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Retired Bishop Bill Hockin kicked off his annual Advent Talks series wearing a necklace of Christmas lights and telling a story about identity, a word often repeated during the 40-minute talk that was entitled “Finding my Best Self – Ancestry.Jesus.”

He told the large crowd gathered at the Crowne Plaza on Dec. 2 that he is often mistaken for others, most commonly Charles Ferris. But one time during a pastoral visit at the hospital, a man in the elevator noted he looked familiar.

‘You look like that old bishop that used to be around here,’ he told Bill.

The game changer event Bill spoke about in his talk was the profound altering of world history by the birth of Jesus Christ, which also changed our personal identity.

A person’s identity in the world is made much easier these days with DNA kits, allowing people to identify who they are and where they came from. Knowing who we are is important to our well-being, he said.

Bill spoke of a favourite movie, Naked Among Wolves, an Eastern European film with English subtitles made in 1963. The setting is a Nazi concentration camp in 1944, under cruel conditions, not the least of which are hunger and violence.

An inmate arrives with a suitcase, and soon the contents are discovered — a young Jewish boy who had been rescued after his parents were taken. The presence of the boy has a striking impact upon the inmates.

“The presence of this vulnerable, helpless child was a game changer in the camp,” said Bill. “He was slowly reversing the dehumanizing culture to something better. Inmates started to feel free to be more human, more supportive of each other.

“They started to hope again — all because of this little Jewish child.”

The plot of that movie is not unlike the impact that a baby’s birth 2,000 years ago has had on the world, he said. Bill quoted Frederick Buechner, from his book, The Faces of Jesus.

“When this child was born in Bethlehem, the whole course of human history was changed,” said Buechner.

That birth of a little Jewish child has made us human, and given us a new, authentic identity, and this identity is the platform that brings us together as one family on earth, said Bill.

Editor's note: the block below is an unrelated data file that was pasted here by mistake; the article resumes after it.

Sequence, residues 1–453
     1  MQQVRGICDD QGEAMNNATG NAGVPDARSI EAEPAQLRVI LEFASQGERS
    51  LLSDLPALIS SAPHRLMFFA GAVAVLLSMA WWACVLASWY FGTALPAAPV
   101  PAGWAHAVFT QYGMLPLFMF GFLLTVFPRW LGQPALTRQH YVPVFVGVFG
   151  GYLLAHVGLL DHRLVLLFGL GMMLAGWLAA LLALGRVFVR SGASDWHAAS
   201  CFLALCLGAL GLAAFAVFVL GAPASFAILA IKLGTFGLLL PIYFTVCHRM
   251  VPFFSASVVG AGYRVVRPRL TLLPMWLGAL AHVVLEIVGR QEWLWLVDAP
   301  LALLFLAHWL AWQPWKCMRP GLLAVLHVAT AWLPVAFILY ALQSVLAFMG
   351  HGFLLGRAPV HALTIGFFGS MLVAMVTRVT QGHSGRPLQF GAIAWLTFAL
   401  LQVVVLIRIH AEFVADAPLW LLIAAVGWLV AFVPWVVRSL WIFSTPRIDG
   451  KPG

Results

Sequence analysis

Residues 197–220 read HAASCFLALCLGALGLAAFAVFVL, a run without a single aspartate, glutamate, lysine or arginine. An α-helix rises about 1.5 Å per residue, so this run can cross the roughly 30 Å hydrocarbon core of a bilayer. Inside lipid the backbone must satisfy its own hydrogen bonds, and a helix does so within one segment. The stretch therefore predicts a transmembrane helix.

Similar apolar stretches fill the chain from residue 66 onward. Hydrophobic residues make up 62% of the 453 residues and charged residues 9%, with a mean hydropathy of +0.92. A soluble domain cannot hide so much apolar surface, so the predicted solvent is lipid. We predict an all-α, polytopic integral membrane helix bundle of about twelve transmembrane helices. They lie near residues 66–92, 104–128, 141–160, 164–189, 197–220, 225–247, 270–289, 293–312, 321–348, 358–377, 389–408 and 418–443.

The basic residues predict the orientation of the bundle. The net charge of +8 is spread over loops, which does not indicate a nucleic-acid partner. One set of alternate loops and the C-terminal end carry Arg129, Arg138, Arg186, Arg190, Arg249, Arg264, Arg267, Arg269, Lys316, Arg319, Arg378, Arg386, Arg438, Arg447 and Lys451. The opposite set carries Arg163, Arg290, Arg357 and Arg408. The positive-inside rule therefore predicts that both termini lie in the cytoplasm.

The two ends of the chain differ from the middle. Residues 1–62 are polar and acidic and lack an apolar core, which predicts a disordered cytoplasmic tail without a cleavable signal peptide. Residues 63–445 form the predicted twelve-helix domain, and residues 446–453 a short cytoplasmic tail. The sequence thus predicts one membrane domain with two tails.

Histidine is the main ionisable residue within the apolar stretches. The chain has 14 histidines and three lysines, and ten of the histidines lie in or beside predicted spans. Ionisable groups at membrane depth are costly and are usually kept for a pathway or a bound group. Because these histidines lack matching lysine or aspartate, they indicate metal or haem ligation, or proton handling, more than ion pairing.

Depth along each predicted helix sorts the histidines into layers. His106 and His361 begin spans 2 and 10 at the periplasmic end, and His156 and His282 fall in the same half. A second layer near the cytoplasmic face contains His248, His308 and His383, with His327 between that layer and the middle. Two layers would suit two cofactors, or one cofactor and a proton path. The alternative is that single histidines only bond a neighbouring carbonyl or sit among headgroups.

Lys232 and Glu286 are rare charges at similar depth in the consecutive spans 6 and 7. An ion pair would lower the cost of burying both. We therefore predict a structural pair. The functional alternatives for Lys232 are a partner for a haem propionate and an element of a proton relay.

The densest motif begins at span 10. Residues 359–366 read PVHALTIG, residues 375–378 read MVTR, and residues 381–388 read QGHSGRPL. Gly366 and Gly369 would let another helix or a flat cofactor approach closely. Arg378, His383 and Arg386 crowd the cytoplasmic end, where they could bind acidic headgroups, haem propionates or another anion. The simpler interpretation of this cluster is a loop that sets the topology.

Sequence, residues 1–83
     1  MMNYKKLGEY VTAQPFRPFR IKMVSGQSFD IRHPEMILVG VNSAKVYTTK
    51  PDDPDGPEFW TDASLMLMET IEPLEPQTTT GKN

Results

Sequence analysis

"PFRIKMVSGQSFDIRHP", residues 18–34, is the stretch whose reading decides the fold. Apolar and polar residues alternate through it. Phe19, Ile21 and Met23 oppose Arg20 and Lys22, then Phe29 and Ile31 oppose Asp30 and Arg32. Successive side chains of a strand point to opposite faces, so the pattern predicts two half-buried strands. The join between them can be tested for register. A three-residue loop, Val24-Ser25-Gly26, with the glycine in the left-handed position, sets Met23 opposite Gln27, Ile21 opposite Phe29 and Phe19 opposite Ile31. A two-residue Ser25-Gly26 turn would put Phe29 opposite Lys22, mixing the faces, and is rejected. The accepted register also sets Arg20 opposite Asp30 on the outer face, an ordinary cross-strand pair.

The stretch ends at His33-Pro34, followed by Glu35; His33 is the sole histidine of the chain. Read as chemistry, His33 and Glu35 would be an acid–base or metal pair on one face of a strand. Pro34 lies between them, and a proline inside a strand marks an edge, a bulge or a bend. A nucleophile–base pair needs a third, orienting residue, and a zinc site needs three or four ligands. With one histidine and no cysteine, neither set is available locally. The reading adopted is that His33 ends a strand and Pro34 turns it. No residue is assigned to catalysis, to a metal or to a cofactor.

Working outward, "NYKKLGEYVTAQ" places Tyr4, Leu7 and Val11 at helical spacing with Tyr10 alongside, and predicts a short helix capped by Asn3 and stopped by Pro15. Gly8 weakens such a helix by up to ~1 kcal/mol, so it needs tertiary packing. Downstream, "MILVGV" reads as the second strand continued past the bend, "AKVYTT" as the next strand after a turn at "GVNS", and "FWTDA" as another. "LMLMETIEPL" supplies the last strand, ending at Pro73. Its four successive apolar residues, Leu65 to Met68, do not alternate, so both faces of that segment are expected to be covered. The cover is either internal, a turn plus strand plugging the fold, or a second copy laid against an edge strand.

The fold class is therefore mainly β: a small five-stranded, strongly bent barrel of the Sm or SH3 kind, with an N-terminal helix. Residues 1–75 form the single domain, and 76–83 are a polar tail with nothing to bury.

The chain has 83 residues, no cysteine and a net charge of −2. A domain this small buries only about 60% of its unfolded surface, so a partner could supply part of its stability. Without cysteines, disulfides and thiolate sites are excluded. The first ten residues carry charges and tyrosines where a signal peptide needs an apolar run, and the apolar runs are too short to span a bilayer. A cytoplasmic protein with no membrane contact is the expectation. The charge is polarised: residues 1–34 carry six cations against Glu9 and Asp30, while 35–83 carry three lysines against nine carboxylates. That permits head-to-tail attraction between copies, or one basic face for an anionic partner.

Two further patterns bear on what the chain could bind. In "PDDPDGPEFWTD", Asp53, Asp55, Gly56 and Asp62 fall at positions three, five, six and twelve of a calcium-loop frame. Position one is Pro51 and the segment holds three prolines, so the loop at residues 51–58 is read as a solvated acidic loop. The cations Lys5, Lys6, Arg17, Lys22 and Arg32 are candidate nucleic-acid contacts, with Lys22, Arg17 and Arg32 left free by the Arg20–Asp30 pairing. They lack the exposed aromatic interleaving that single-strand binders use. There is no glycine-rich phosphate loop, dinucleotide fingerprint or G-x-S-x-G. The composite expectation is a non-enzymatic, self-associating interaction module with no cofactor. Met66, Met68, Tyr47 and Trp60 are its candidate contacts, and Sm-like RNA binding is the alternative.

He went on to highlight various factors of that divine birth as they relate to us as humans. First, this baby was named and spoken of long before he was born.

“This is a genuine human being, planned and wanted by those around him,” he said, adding that babies were not immediately named in this time period, due to the terribly high infant mortality rate.

“But we read in Luke of an angel telling his mother, Mary, to call his name Jesus,” he said. “Essential to our humanity is that somebody wants us, wants us to exist. As in Jesus, God’s DNA dwells in every person born.

“Pope Benedict XVI said, ‘every one of us begins as a thought of God.’”

Bill cited a book by his neighbour’s son, author David Fergusson, who wrote The Trans-human Code, about the struggle over artificial intelligence and the need to still put humans first. The author refers to humans as “the most advanced technology the world will ever see.”

That ‘advanced technology’ was made in God’s image, and represents the incarnation of God on earth in his son, Jesus.

Historians have noted a profound shift in the world in the second and third centuries as Christianity grew. This Greco-Roman world was witness to strange new ideas, the first of which was the value of children.

Before the advent of Christianity, at the centre of human value was the adult male. One’s connection to an adult male determined his or her value. Outside this circle were foreigners, slaves, women and children who had no power or status.

In fact, classical authors referred to children as not much more than plants. Unwanted children, particularly girls, were abandoned outside to die or be taken as slaves. Empathy towards children was seen as weak.

“This was the world into which Christianity came, calling attention to children and ascribing special worth to them,” said Bill. “This was a revolutionary, game-changing idea.”

Another game-changer for humanity in this time period was the concept of compassion for suffering.
Centuries before, Isaiah talked of Jesus as “a man of sorrows acquainted with grief.”

Bill noted that in the Apostles Creed, there is only one word describing the life of Jesus on earth, the word “suffered,” as in, ‘he suffered under Pontius Pilate.’

Another game-changer is the historical evidence of Christianity as a philanthropic movement that included hospitals serving everyone.

“There were no pre-Christian institutions in the ancient world like this,” said Bill. “It raised the moral bar on what it meant to be human.”

In his conclusion, Bill reminded those present of the life-changing gifts the birth of a little Jewish child has given the world.

“In the face of all the evils in the world — racism, white supremacy, anti-Semitism, homophobia, you name it — we are given, in this genuine little human being in Bethlehem, a source of authentic humanity: a message of peace on earth and goodwill to all.”

Advent Talks continues on Dec. 9 with Dr. Barry Craig (A Grace That Goes Viral), and Dec. 16 with the Rev. Canon Albert Snelgrove (Bridging the Gaps). Both talks begin at 12:10 p.m. and take place at the Crowne Plaza on Queen Street in Fredericton.

PHOTO CAPTIONS:

1. Retired Bishop Bill Hockin as he began his Advent Talks series on Dec. 2

2. A large crowd of supporters came out to hear the kick-off of the annual Advent series.

3. The Rev. Canon Albert Snelgrove, who will speak on Dec. 16 as part of the series, promotes Bill's latest book, Parables: Scandelous Stories of a Saving Grace.

Photos by Gisele McKnight

 


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